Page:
2. Prostration to the Sutra: Make a separate prostration after reciting each word of the sutra. One must recite the title of the sutra, as well as the epithets of the Buddhas and Bodhisattvas who joined the Dharma assembly mentioned in the sutra. For example, when doing prostration to the Lotus Sutra, recite: "Homage to the Lotus Sutra; homage to the Buddhas and Bodhisattvas who joined the Dharma assembly." When the time is up, mark the paragraph where you stopped as a reminder, so that you know where to pick up next time. After the prostration session, remember to close the sutra and put it back in its place.

Focus on one specific sutra of your choice for your sutra recitation practice, and set a deadline to finish reciting it for a certain number of times. Take the sutra as a mirror to reflect on your bodily and mental actions, as a standard to improve yourself, and as a guideline to practice the Dharma. You can also consider sutra recitation as your mission to promote the Buddha’s teaching.
 
*An altar facilitates Buddhists to perform Buddhist practices. Buddha statues or images may be placed on the altar.
 

 

Upholding Mantras

The word Dharani, which is an alternative word for mantra, means "upholding." It refers to "never ceasing to do good deeds" and "avoiding doing bad deeds". In other words, upholding mantras helps us give rise to wholesome thoughts and prevent us from doing unwholesome deeds, in addition to helping us settle our mind.

Because mantras carry many levels of meaning, most mantras are transliterated by their Sanskrit sounds rather than translated by their meanings. Thus, mantra recitation can be regarded as a way to connect and resonate with Buddhas and Bodhisattvas through sounds.

Commonly recited mantras include Great Compassion MantraAvalokitesvara Bodhisattva Vikurvana Dharani (or the shortened version "Om mani padme hum"), Cundi DharaniShurangama MantraMedicine Buddha MantraKsitigarbha Bodhisattva MantraAmitabha Pure Land Rebirth MantraAuspicious Mantra for Eradicating Misfortune, etc. We can decide the most suitable one(s) for ourselves to uphold according to our preferences and available time.
 
Time: not confined

Place: not confined

Equipments: A string of mala beads or a counter

Preparation: Relax the body and the mind, and settle the mind in the present moment.

Method: When we are chanting mantras, align our mental, verbal, and physical actions with one another. It means that the mind clearly knows what we are reciting and what we hear. Continuously recite mantras in this way, and we will find the practice beneficial for stabilizing g the mind.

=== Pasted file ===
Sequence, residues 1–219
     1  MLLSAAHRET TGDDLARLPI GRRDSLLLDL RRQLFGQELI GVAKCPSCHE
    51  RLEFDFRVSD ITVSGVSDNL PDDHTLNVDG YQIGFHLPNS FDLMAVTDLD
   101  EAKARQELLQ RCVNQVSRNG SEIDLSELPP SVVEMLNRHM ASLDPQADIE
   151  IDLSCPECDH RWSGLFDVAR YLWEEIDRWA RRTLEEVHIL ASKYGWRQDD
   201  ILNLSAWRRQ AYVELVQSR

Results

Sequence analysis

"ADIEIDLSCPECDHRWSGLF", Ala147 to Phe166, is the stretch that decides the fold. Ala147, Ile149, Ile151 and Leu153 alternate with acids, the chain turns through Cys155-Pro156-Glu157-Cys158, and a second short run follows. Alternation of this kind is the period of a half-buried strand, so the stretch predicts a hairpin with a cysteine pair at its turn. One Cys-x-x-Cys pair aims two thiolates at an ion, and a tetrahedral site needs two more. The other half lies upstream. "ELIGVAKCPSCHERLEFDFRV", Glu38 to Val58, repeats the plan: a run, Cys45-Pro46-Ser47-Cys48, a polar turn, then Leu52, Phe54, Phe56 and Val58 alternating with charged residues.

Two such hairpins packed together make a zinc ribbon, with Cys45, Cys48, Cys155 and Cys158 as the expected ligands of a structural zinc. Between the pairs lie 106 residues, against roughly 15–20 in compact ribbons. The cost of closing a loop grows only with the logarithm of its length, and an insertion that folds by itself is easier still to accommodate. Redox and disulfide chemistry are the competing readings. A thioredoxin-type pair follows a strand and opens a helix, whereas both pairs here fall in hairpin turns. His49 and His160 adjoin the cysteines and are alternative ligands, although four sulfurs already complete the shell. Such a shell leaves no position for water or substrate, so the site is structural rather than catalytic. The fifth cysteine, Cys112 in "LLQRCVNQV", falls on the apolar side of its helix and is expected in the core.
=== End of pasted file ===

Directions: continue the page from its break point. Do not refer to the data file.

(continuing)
Not understanding the meaning of the mantra or being able to pronounce the syllables correctly, doesn't diminish the merit of the practice. But to conduct mantra "upholding", we should chant it consistently for a fixed number of times or a fixed duration every day. Only by reciting single-mindedly with sincerity to the point where no wandering thoughts arise, can we feel profound inner peace and ease.

In addition, mantras encapsulate Buddhas' and Bodhisattvas' merits from their practice and attainment, as well as the power of their vows and blessings. When we recite mantras as our regular practice, we enter into the essence of their unique practices. As we repeatedly recite mantras wholeheartedly, every recitation will be an earnest prayer that connects directly with Buddhas' and Bodhisattvas' original vows.
 
 

Buddha's Name Recitation

Buddha Name Recitation refers to reciting any of the names of the Buddhas or Bodhisattvas, not limited to Amitabha's name. Some practitioners pray to be reborn in Buddha's Pure Land by reciting Buddha name as their daily practice. Yet, the ultimate goal of the practice is to purify our mind. Wandering thoughts resulting from our desire, anger, and ignorance are hard to avoid; however, the more we hold our mind to Buddha's name by reciting and listening mindfully with clear awareness, the fewer vexations there will be in our mind.
 
Time: not confined

Place: not confined

Equipment: A counter or mala beads.

Preparation: Relax the body and mind, not thinking about things in the past or future. Place the awareness on the present moment.

Methods
1. Silent Recitation: As the fingers slide from bead to bead, repeatedly recite the Buddha's name. The mala beads are used to remind us to recite continuously and, furthermore, to purify our bodily, verbal, and mental activities.

2. Reciting Out Loud: Wandering thoughts will be reduced when we recite out loud. While reciting,  keep the eyes open and allow the breath to be smooth. Recite out loud using the force of thethe abdomen, continuously follow the sound of the recitation, and focus your attention on  the Buddha's name.

3. Recitation-counting: Silently count a number in mind at the end of each recitation of Buddha's name. For example, "Amitabha Buddha one".. "Amitabha Buddhatwo…; after reaching "Amitabha Buddha ten", start over from“Amitabha Buddha one". Start again from the first recitation when we find ourselves in wandering thoughts and forget the next number to count, or count over ten. With clear awareness, recite, remember, and listen to the recitation of every word. Repeatedly reciting in this way, our scattered mind will turn into concentrated mind.

We can recite Buddha's names wherever we are. As long as our minds are settled, we can recite anywhere and at any time. And we can also set a certain number of times for ourselves to recite. For example, we can set time to recite Buddha's name three or ten thousand times. Counting the recitations can motivate and encourage us to complete our daily regular practice. Every day after finishing the practice, we can transfer merit to our families, friends, and sentient beings in all realms.
 

 

Prostration

To prostrate is to sincerely pay respect to Buddha or Bodhisattva or Buddhist sutras. Many people prostrate to pray for merits, longevity, or wisdom. However, the main functions of prostration are 1) to repent (Repentance Prostration); 2) to cultivate gratitude (Gratitude Prostration); and 3) to practice meditative concentration (No-form Prostration).